http://www.huffingtonpost.com/william-k-black/foreclose-on-the-foreclos_b_772434.html

William K. Black and L. Randall Wray

Foreclose on the Foreclosure Fraudsters, Part 2: Spurious Arguments Against Holding the Fraudsters Accountable

“…Who is Guilty? Let us deal with the “borrower fraud” argument first because it is the area containing the most erroneous assumptions. There was fraud at every step in the home finance food chain: the appraisers were paid to overvalue real estate; mortgage brokers were paid to induce borrowers to accept loan terms they could not possibly afford; loan applications overstated the borrowers’ incomes; speculators lied when they claimed that six different homes were their principal dwelling; mortgage securitizers made false reps and warranties about the quality of the packaged loans; credit ratings agencies were overpaid to overrate the securities sold on to investors; and investment banks stuffed collateralized debt obligations with toxic securities that were handpicked by hedge fund managers to ensure they would self destruct.That homeowners would default on the nonprime mortgages was a foregone conclusion throughout the industry — indeed, it was the desired outcome. This was something the lending side knew, but which few on the borrowing side could have realized.The homeowners were typically fraudulently induced by the lenders and the lenders’ agents (the loan brokers) to enter into nonprime mortgages. The lenders knew the “loan to value” (LTV) ratios and income to debt ratios that they wanted the borrower to (appear to) meet in order to make it possible for the lender to sell the nonprime loan at a premium. LTV can be gimmicked by inflating the appraisal. The debt to income ratios can be gimmicked by inflating income. “Liar’s” loan lenders used that loan format because it allowed the lender to simultaneously loan to a vast number of borrowers that could not repay their home loans, at a premium yield, while making it look to the purchaser of the loan that it was relatively low risk. Liar’s loans maximized the lender’s reported income, which maximized the CEO’s compensation.The problem is that only the most sophisticated nonprime borrowers (the speculators who bought six homes) (1) knew the key ratios they had to appear to meet, (2) had the ability to induce an appraiser to inflate substantially the reported market value of the home, and (3) knew how to create false financial information that was internally consistent and credible. The solution was for the lender and the lender’s agents to (1) instruct the borrower to report a certain income or even to fill out the application with false information, (2) suborn an appraiser to provide the necessary inflated market value, and (3) create fraudulent financial information that had at least minimal coherence.When the overburdened homeowner began missing payments, late fees and higher interest rates kicked-in, boosting the stated income of mortgage servicers and the value of the securities. Not coincidentally, the biggest banks own the servicers and could maximize claims against the mortgages by running up the late fees. It was quite convenient to “misplace” mortgage payments, so even homeowners who were never delinquent could get hit with fees and higher rates. And when payments were received, the servicers would (illegally) apply them first to the late fees, meaning the homeowners were unknowingly still missing mortgage payments. The foreclosure process itself generates big fees for the SDI banks.And, miracle of miracles, the banks would end up with the homes and get to restart the whole process again — from resale of the home through the financing, securitizing, and fee-for-servicing juggernaut.  …”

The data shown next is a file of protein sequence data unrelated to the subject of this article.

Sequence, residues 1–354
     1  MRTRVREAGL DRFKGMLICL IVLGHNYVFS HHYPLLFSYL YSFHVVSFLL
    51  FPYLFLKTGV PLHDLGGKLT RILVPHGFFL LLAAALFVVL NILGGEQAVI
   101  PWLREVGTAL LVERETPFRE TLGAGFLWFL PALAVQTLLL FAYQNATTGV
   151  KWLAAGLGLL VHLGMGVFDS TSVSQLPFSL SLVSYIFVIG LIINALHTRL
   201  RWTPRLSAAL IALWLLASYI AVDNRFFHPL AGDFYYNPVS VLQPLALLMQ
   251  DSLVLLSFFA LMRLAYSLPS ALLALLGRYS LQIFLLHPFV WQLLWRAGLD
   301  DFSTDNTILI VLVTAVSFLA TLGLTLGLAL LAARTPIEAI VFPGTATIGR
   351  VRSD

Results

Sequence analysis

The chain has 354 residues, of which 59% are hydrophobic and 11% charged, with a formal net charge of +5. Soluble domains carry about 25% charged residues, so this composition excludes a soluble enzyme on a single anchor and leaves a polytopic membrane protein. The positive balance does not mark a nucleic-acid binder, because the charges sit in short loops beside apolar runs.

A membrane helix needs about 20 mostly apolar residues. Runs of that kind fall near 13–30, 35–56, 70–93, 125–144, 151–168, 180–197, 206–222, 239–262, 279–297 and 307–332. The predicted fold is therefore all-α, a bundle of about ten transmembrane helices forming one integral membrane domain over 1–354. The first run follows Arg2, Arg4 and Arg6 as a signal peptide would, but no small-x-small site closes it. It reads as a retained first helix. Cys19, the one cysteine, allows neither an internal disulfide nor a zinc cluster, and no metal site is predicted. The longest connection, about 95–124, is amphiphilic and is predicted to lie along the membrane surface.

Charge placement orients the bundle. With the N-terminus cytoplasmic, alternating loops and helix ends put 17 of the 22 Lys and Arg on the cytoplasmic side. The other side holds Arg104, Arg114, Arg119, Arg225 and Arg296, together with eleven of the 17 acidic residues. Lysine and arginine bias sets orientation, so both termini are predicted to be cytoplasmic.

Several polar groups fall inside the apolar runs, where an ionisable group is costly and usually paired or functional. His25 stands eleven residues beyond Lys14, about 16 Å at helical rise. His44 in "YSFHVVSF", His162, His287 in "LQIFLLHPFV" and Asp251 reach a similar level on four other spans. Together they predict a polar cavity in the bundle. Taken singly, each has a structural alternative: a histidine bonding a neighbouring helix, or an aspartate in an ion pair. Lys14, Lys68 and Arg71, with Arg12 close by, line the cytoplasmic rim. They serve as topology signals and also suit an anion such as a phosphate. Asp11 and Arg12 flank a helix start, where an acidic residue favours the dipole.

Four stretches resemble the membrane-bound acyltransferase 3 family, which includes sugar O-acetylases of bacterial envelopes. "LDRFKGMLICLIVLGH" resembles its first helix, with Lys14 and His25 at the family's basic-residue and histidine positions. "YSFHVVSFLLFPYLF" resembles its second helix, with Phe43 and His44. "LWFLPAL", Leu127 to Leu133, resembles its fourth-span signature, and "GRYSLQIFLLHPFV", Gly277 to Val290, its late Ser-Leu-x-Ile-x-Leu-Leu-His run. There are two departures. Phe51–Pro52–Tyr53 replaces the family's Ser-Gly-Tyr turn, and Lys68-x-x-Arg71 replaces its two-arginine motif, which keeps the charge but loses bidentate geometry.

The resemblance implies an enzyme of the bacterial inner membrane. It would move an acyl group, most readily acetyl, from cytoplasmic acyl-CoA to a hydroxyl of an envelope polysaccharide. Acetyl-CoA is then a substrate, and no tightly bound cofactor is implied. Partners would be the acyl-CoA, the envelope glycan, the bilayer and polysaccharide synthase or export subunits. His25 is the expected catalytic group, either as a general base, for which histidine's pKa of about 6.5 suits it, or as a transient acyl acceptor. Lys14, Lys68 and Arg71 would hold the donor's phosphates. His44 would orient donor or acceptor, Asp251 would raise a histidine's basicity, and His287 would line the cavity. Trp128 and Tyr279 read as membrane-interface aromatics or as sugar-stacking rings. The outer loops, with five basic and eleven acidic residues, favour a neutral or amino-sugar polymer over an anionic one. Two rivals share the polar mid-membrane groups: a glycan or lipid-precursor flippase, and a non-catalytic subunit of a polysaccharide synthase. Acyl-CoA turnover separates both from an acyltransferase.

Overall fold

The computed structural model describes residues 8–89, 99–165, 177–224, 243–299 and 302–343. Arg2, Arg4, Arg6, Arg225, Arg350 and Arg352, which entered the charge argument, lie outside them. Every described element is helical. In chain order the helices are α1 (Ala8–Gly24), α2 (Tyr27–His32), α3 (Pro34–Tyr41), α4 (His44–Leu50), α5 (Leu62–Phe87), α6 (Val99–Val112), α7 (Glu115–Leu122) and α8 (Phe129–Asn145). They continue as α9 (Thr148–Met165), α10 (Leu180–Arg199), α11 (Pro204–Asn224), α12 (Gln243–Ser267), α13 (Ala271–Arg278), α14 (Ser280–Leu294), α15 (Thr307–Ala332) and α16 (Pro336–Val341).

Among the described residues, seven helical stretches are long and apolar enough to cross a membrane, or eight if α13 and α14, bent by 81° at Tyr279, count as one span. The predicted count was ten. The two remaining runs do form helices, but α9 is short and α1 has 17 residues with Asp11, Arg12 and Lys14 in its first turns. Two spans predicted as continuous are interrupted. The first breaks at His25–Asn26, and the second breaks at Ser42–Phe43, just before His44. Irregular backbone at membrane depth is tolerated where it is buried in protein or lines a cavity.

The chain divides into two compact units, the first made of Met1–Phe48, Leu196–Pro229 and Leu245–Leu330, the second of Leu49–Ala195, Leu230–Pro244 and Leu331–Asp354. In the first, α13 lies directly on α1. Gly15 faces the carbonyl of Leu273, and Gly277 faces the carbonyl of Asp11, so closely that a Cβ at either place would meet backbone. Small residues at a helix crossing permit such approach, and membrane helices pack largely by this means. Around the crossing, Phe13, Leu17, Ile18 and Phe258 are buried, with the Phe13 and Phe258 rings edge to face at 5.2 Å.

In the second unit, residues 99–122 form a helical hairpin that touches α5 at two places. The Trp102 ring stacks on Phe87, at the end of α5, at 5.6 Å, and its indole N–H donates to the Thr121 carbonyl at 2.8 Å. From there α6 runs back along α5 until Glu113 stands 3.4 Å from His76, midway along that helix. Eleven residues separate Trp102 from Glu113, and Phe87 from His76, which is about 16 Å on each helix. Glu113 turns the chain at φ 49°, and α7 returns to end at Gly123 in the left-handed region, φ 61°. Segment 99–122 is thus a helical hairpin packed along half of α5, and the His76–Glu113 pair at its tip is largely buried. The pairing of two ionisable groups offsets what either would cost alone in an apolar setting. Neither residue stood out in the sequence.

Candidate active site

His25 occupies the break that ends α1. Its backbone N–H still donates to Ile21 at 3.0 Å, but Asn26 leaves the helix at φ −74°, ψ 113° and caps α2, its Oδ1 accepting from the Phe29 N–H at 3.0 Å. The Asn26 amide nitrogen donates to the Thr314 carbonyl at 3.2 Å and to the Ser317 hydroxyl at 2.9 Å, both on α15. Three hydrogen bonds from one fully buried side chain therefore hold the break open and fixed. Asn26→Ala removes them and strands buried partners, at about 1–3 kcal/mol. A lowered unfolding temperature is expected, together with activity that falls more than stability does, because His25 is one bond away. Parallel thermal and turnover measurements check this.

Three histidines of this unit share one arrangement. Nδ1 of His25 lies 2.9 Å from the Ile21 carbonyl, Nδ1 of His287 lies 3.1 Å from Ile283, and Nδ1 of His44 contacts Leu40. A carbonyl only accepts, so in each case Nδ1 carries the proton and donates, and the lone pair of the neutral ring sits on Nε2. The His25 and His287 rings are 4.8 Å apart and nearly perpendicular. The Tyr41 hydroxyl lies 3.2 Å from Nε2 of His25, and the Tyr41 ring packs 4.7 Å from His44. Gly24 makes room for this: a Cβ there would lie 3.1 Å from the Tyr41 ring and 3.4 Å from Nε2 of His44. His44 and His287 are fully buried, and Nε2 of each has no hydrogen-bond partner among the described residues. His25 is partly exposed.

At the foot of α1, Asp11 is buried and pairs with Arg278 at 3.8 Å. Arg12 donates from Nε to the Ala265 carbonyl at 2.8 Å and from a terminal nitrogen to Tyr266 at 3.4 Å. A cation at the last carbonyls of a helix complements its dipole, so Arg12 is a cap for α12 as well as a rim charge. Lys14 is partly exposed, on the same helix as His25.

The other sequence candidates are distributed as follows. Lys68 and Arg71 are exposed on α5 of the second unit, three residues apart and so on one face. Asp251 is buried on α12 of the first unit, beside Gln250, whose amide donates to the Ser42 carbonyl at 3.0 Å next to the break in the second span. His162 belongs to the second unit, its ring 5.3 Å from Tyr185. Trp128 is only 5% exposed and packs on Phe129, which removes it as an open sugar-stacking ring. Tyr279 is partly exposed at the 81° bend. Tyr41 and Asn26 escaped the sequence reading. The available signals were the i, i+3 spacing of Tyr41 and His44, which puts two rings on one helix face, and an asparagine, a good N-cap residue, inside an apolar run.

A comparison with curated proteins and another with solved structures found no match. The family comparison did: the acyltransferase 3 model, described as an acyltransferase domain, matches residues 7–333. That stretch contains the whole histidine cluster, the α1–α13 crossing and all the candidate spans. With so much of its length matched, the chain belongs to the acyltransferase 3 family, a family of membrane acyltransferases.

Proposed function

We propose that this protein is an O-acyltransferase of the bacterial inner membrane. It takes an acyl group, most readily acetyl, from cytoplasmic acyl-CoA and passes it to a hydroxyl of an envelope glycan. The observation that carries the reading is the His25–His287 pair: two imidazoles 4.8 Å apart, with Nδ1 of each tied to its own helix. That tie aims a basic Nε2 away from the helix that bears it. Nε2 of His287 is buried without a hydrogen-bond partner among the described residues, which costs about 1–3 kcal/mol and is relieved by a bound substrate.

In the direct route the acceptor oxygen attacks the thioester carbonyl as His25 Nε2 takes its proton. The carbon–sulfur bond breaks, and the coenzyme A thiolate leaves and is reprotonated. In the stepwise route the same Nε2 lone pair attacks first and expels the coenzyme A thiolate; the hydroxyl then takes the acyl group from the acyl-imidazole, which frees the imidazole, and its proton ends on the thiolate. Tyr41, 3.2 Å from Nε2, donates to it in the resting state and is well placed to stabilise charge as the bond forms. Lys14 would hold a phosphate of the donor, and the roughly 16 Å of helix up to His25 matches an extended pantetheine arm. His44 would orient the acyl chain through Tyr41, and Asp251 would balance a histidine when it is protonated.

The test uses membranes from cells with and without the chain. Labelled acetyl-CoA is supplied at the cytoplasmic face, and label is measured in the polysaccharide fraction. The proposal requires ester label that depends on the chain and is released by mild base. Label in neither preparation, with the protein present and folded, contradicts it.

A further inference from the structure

http://www.huffingtonpost.com/william-k-black/post_1115_b_772820.html

 

Foreclosure-Gate Fallout: How Bad Can It Get For Wall Street?

Zach Carter

“…JPMorgan Chase loves using its research department to push its political agenda, and the bank is currently characterizing the foreclosure fraud outbreak as a set of “process-oriented problems that can be fixed.” That puts them in the rosy optimist camp for this crisis, and they’re projecting a total of $55 billion to $120 billion in losses for the entire industry, spread out over a few years.

But take a look at the analysts’ methodology. The actual scope of losses gets drastically larger if you just change a few arbitrary assumptions.

JPMorgan’s analysts look at about $6 trillion in mortgages issued between 2005 and 2007 — this is the height of the bubble, but it excludes plenty of lousy loans issued in 2003, 2004 and 2008. They then estimate defaults of $2 trillion and losses of $1.1 trillion on those defaults.

So far, these estimates are reasonable. According to Valparaiso University Law School Professor Alan White, banks lose about 58 percent of the value of a subprime loan at foreclosure. JPMorgan is estimating 55 percent. The notion that one-third of mortgages issued at the height of the bubble will default may seem extreme, but the analysis includes both first-lien mortgages and second-lien mortgages (home-equity loans). For houses with multiple mortgages, there’s going to be a double-hit when the first lien goes bad. Right now, the official statistics from Mortgage Bankers Association indicate that 14 percent of first mortgages are delinquent or in foreclosure. The longer unemployment stays near 10 percent, the higher that figure will go. …”